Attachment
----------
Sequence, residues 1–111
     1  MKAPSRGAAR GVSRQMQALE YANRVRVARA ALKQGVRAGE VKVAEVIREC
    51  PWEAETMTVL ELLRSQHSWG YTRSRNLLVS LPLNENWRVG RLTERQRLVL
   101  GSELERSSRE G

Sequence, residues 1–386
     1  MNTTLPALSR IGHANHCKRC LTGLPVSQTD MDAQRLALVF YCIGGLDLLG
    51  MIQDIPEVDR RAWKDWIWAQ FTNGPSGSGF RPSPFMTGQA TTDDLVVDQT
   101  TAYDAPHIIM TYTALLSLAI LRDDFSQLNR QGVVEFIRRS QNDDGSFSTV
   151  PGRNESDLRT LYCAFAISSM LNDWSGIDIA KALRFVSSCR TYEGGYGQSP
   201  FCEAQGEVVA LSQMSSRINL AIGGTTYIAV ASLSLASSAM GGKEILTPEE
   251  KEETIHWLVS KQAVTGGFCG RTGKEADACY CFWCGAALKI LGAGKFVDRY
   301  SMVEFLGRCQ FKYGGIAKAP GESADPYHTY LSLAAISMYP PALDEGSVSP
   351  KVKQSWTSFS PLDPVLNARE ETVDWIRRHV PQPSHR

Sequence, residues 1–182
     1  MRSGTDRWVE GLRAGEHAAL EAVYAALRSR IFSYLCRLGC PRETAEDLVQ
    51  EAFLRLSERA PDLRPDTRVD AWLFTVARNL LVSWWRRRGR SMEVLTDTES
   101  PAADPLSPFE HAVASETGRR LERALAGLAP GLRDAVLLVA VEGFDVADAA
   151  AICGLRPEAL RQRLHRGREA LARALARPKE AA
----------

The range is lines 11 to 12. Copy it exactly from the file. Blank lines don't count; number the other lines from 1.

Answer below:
   251  KEETIHWLVS KQAVTGGFCG RTGKEADACY CFWCGAALKI LGAGKFVDRY
   301  SMVEFLGRCQ FKYGGIAKAP GESADPYHTY LSLAAISMYP PALDEGSVSP